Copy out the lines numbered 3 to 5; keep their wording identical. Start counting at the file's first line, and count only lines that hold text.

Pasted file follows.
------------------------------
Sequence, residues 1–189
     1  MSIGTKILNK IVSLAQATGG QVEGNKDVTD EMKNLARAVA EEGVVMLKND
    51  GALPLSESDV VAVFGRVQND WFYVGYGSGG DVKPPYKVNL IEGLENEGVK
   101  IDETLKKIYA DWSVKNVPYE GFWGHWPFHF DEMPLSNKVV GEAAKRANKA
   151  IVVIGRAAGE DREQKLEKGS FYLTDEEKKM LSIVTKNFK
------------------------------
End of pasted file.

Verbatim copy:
    51  GALPLSESDV VAVFGRVQND WFYVGYGSGG DVKPPYKVNL IEGLENEGVK
   101  IDETLKKIYA DWSVKNVPYE GFWGHWPFHF DEMPLSNKVV GEAAKRANKA
   151  IVVIGRAAGE DREQKLEKGS FYLTDEEKKM LSIVTKNFK